Agencies measure own performance

Federal agencies many for the first time have begun to measure how well their procurement offices perform and the results are expected to affect agency budget requests during the next two years.

The measurement effort is part of the government's plan to carry out the Government Performance and Results Act (GPRA) a 1993 law that demands agencies show what they accomplish with the money they spend. The Office of Management and Budget as well as Congress wants agencies to explain how acquisition contributes to their goals.

"Measurement is going to be part of life now " said David Litman the Transportation Department's director of acquisition and grant management and leader of a governmentwide task force on procurement performance.

Bob Welch a procurement executive with the Treasury Department compared the process of measuring agency performance to a medical physical. "You get your blood cholesterol [level] a snapshot of your relative state of health " he said.

As procurement officials gather and analyze purchasing data during the next few months to a year they will focus mainly on how to treat specific maladies they uncover in their internal operations. At a meeting last month of top government acquisition executives officials said they have yet to determine exactly how these cures will contribute to the overall health of their agencies.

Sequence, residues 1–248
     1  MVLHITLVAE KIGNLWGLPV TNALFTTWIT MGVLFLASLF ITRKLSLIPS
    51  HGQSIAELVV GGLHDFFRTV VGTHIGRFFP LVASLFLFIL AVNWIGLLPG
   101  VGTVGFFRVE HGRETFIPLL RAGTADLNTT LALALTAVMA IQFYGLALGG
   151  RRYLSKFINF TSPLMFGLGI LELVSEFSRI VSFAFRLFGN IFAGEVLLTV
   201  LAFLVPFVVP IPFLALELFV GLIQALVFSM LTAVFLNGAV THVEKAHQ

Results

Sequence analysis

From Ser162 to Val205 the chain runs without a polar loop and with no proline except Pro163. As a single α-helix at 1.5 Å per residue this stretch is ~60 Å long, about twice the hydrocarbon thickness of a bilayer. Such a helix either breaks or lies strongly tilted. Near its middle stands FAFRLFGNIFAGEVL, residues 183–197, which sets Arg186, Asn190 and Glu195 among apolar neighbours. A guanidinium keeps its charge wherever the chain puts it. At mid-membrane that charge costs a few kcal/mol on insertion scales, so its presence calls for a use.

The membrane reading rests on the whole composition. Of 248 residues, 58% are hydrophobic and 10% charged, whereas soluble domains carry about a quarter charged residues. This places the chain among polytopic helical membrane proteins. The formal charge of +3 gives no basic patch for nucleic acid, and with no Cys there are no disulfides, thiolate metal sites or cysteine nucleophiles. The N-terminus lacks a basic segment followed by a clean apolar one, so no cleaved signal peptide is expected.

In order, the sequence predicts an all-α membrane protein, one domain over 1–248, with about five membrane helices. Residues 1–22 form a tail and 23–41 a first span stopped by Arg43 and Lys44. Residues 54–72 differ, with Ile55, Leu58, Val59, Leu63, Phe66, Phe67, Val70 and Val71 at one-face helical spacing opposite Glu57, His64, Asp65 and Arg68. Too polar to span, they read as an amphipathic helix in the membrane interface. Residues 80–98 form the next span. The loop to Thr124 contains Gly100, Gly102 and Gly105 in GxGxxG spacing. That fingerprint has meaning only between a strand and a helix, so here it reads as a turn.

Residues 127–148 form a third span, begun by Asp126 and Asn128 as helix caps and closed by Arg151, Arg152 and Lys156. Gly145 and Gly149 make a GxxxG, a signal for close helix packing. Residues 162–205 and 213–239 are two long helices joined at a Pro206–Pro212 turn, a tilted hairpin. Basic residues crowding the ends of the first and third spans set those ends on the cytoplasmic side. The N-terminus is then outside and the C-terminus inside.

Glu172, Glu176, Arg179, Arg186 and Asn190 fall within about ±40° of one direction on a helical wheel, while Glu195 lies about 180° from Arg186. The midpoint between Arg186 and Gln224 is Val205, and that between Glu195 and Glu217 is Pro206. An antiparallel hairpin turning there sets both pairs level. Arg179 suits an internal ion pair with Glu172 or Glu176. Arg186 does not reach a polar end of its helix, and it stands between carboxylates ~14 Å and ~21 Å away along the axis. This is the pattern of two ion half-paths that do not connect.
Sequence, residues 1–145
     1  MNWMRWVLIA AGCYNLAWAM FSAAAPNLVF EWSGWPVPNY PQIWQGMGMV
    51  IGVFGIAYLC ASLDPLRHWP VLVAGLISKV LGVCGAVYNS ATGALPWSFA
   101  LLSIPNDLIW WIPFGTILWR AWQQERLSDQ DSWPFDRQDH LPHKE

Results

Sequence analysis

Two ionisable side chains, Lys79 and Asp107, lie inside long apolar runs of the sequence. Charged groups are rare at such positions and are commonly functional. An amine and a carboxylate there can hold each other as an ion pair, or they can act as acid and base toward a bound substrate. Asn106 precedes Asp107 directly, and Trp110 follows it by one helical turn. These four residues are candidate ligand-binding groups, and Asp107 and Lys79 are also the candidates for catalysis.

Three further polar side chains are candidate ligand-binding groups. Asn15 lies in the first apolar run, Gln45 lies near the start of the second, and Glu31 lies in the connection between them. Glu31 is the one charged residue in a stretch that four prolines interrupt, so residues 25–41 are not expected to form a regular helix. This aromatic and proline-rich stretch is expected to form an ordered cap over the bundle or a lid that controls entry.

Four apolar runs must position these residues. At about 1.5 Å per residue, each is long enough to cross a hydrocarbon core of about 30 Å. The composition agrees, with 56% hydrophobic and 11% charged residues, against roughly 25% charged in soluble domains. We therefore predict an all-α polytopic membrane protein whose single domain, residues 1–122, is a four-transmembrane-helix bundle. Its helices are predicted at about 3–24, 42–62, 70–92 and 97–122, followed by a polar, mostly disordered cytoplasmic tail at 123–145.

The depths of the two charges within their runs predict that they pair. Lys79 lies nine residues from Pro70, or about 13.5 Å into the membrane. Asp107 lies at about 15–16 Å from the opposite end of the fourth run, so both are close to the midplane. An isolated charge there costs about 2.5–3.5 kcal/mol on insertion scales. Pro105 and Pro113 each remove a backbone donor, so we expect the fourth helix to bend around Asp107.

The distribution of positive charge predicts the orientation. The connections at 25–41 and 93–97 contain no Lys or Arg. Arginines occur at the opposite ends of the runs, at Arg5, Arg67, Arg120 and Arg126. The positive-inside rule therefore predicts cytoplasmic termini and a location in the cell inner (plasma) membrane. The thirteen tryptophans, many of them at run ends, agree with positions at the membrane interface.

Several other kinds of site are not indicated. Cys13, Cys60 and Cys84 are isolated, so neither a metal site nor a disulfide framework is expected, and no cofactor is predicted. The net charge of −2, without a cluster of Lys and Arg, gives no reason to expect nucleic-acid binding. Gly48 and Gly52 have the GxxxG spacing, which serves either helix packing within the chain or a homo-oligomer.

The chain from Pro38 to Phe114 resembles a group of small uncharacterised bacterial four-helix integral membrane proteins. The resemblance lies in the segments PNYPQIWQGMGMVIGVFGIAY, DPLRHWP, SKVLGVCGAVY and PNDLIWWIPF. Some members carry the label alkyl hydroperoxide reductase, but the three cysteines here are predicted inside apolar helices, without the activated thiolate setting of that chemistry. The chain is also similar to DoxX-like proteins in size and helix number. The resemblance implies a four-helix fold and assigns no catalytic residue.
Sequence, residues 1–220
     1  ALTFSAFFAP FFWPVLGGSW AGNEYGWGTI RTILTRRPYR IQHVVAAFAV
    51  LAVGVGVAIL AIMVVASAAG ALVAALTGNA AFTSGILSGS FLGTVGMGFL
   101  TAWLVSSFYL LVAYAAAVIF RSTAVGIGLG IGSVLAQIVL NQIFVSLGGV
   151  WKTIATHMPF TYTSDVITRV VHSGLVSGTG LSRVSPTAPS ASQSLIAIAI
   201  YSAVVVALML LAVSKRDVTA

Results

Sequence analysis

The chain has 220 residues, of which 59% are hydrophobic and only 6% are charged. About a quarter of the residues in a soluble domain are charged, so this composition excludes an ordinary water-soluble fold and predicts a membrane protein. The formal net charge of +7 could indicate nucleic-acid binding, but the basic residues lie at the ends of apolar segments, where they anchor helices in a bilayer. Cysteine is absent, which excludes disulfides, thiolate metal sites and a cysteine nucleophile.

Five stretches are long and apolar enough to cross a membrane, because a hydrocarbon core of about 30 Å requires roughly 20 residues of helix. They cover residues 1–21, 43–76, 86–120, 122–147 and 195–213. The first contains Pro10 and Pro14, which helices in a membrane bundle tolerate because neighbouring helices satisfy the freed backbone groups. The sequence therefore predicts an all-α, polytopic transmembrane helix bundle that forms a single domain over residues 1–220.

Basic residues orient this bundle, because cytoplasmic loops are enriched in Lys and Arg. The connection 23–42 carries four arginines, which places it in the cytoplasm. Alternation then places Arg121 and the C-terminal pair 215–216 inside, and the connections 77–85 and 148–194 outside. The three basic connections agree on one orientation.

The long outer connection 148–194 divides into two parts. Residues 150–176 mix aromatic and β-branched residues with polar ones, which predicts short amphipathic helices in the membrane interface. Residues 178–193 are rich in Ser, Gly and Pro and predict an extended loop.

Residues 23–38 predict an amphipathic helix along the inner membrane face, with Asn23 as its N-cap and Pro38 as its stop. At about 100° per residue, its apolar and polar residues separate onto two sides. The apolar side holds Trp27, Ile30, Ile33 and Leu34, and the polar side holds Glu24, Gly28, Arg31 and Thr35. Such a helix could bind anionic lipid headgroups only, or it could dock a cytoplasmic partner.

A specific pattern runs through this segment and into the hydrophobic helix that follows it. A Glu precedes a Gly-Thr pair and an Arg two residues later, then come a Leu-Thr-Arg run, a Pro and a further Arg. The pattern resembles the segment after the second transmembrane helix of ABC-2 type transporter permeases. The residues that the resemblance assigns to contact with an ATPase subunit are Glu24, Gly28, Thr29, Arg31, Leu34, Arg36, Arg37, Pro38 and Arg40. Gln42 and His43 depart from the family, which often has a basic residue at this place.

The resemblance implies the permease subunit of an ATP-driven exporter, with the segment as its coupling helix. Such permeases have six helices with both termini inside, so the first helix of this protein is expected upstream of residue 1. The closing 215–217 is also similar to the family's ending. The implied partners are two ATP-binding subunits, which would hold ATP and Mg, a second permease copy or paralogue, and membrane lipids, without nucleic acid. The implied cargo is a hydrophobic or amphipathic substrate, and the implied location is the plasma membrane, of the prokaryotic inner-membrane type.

"One of the things we discovered was that it's harder to do than we thought because there are different layers of goals and measures " Litman said. "I think it's going to be a learning process and it's probably going to be a dynamic thing. Each agency is going to adjust their performance measurement plan as...the procurement system continues to change."

Responding to Congress and the Public

Nevertheless acquisition "is a priority area" for agencies as GPRA takes effect during the next two years said John Mercer the Senate Governmental Affairs Committee aide who developed the law. "Procurement is an area that has long been sensitive to Congress and even to the general public because they're always hearing horror stories about the government paying a lot of money for something and not getting much for it."

Steven Kelman administrator of the Office of Federal Procurement Policy said his office would be monitoring agencies' procurement performance as part of the budget process and in some cases working with agencies to set targets for improving their acquisition work. He said he also plans to look into how agencies might incorporate performance incentives into their operations to reward employees who excel in their work.

Contracting officials "should see the successful implementation of this system of performance measures as an important part of [their jobs] " Kelman said. "I think ultimately for it to work really well it will need to be tied into something like promotions and bonuses."

Agencies are required to offer performance incentives under the Federal Acquisition Streamlining Act of 1994 but no agency has done so yet.

Different agencies have developed a variety of performance measures that reflect specific activities of their procurement offices but those measures generally are based upon recommendations of the interagency task force which in turn took many of its ideas from a commercial approach advocated by Harvard University professors Robert Kaplan and David Norton.


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